Thread-Specific Data and Signal Handling in Multi-Threaded Applications
Listing 4 shows how to deal with signals in a multi-threading environment that handles threads in a POSIX compliant way.
Personally, I like the kernel-level package “LinuxThreads” that makes use of Linux 2.0's clone() system call to create new threads. At some point in the future, the clone() call may implement the CLONE_PID flag which would allow all the threads to share a process ID. Until then each thread created using “LinuxThreads” (or any other packages which chooses to use clone() to create threads) will have its own unique process ID. As such, there is no concept of sending a signal to “the process.” If one thread calls sigwait() and all other threads block signals, only those signals which are specifically sent to the sigwait()-ing thread will be processed. Depending on your application, this could mean that you have no choice other than to include an asynchronous signal handler in each of the threads.
Thread specific data is easy to use—far easier than many people's first experiences may suggest. In a way, this ease of use is a disadvantage, since very often there are more elegant solutions to a problem. But in times of need, thread specific data is your friend.
On the other hand, signal handling in anger can be a little hairy. Anyone who thinks otherwise has overlooked something—either that or they're far too clever for their own good. Make life easier for yourself by consigning all the handling of asynchronous signals to one thread that sits on sigwait().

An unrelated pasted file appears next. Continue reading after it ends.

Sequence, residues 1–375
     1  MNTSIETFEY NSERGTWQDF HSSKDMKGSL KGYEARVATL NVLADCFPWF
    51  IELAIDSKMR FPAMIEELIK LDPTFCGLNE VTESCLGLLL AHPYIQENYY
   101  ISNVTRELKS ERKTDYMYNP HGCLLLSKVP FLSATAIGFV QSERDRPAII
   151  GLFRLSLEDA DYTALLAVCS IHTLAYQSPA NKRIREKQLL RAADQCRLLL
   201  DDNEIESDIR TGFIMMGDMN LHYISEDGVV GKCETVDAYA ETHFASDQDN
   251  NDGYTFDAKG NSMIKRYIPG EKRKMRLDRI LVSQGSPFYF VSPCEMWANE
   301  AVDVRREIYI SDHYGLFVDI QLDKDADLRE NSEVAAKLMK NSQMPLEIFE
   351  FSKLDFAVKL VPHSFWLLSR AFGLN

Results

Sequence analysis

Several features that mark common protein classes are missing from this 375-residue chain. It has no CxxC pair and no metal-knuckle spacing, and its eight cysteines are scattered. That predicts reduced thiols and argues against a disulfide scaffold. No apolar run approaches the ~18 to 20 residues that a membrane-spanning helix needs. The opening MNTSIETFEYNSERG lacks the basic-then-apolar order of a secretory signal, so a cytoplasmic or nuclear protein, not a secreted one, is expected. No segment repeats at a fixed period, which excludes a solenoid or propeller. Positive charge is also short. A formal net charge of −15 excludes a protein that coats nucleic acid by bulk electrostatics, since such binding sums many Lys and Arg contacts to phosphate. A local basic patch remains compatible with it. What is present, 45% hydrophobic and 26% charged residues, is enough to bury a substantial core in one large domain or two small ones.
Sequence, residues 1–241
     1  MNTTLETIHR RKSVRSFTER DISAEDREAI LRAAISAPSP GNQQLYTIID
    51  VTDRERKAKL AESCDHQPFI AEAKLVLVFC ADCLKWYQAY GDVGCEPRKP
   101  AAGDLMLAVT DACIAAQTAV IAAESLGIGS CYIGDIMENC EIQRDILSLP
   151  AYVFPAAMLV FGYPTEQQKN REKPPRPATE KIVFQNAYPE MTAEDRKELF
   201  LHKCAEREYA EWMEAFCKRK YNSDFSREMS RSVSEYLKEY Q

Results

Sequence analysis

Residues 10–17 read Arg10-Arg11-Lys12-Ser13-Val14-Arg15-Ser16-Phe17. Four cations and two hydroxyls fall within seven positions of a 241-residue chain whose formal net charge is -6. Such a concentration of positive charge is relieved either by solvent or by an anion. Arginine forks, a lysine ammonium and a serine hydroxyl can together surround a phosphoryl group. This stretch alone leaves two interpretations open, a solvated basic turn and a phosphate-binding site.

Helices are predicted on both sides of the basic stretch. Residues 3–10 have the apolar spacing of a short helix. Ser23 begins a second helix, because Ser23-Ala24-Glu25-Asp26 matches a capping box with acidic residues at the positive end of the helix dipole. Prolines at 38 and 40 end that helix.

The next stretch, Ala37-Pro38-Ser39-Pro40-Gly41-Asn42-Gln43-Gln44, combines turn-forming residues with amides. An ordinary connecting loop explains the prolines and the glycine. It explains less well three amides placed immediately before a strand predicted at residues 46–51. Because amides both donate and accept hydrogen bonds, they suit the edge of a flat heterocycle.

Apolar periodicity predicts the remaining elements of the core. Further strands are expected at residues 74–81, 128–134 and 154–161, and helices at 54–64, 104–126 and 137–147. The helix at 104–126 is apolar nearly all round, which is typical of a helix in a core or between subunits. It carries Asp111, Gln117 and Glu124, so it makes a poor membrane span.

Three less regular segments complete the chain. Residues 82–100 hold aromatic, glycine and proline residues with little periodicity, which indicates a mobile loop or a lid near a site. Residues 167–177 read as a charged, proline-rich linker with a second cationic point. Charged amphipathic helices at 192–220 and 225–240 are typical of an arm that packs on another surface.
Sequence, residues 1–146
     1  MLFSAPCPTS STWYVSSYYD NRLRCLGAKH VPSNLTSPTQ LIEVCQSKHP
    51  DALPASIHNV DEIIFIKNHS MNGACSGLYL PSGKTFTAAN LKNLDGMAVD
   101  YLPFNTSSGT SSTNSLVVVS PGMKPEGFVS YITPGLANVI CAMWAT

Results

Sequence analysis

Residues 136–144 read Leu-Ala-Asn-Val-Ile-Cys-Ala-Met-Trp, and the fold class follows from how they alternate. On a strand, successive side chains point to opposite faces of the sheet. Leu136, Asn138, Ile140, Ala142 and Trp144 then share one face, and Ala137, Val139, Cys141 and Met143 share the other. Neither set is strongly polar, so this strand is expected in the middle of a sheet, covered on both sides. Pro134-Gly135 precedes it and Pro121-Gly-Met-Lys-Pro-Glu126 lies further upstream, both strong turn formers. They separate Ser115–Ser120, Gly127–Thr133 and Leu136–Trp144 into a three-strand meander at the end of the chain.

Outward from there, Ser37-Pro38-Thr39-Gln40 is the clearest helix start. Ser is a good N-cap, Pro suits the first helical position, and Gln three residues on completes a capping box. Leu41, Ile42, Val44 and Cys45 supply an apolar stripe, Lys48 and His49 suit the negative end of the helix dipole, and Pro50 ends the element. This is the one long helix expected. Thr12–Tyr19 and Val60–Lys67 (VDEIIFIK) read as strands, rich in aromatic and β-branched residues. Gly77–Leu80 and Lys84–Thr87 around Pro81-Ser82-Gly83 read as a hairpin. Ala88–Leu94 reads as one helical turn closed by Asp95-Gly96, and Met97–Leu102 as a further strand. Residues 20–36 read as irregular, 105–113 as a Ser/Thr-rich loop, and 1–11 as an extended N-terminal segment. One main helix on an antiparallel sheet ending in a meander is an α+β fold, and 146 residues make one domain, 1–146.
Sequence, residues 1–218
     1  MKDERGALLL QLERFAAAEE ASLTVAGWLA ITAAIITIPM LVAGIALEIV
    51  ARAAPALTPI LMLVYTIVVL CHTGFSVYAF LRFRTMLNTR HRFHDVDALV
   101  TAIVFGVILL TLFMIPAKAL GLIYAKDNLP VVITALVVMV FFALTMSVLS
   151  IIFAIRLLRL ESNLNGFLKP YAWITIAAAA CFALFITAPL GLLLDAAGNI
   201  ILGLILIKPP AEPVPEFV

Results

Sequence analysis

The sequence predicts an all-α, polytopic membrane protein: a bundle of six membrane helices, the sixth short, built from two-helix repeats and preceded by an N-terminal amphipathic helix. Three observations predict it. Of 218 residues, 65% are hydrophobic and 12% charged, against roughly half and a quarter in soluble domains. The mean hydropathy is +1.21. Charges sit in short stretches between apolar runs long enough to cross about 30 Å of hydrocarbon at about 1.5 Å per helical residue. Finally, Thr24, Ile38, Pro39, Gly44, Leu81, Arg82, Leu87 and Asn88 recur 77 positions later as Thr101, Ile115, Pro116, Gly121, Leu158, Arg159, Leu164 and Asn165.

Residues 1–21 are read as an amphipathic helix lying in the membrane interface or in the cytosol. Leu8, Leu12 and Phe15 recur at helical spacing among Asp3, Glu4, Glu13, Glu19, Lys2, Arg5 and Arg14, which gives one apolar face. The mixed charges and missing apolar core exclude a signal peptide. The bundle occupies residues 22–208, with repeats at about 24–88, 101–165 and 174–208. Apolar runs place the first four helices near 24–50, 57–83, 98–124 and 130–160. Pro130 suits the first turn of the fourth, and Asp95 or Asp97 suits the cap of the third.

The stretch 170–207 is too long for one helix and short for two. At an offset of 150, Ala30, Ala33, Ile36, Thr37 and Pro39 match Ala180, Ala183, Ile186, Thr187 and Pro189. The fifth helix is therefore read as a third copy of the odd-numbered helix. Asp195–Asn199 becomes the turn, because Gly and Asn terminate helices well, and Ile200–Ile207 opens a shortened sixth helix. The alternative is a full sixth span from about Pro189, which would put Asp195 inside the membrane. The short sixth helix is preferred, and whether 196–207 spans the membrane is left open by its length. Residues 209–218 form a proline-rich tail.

Martin McCarthy discovered multi-threaded programming while writing the server for a high-speed, multi-user, distributed, virtual-reality system. Of course, he only took that job so that he could squeeze as many buzzwords into his job description as possible. He can be reached at firstname.lastname@example.org.
Practical Task Scheduling Deployment
July 20, 2016 12:00 pm CDT
One of the best things about the UNIX environment (aside from being stable and efficient) is the vast array of software tools available to help you do your job. Traditionally, a UNIX tool does only one thing, but does that one thing very well. For example, grep is very easy to use and can search vast amounts of data quickly. The find tool can find a particular file or files based on all kinds of criteria. It's pretty easy to string these tools together to build even more powerful tools, such as a tool that finds all of the .log files in the /home directory and searches each one for a particular entry. This erector-set mentality allows UNIX system administrators to seem to always have the right tool for the job.
Cron traditionally has been considered another such a tool for job scheduling, but is it enough? This webinar considers that very question. The first part builds on a previous Geek Guide, Beyond Cron, and briefly describes how to know when it might be time to consider upgrading your job scheduling infrastructure. The second part presents an actual planning and implementation framework.
Join Linux Journal's Mike Diehl and Pat Cameron of Help Systems.
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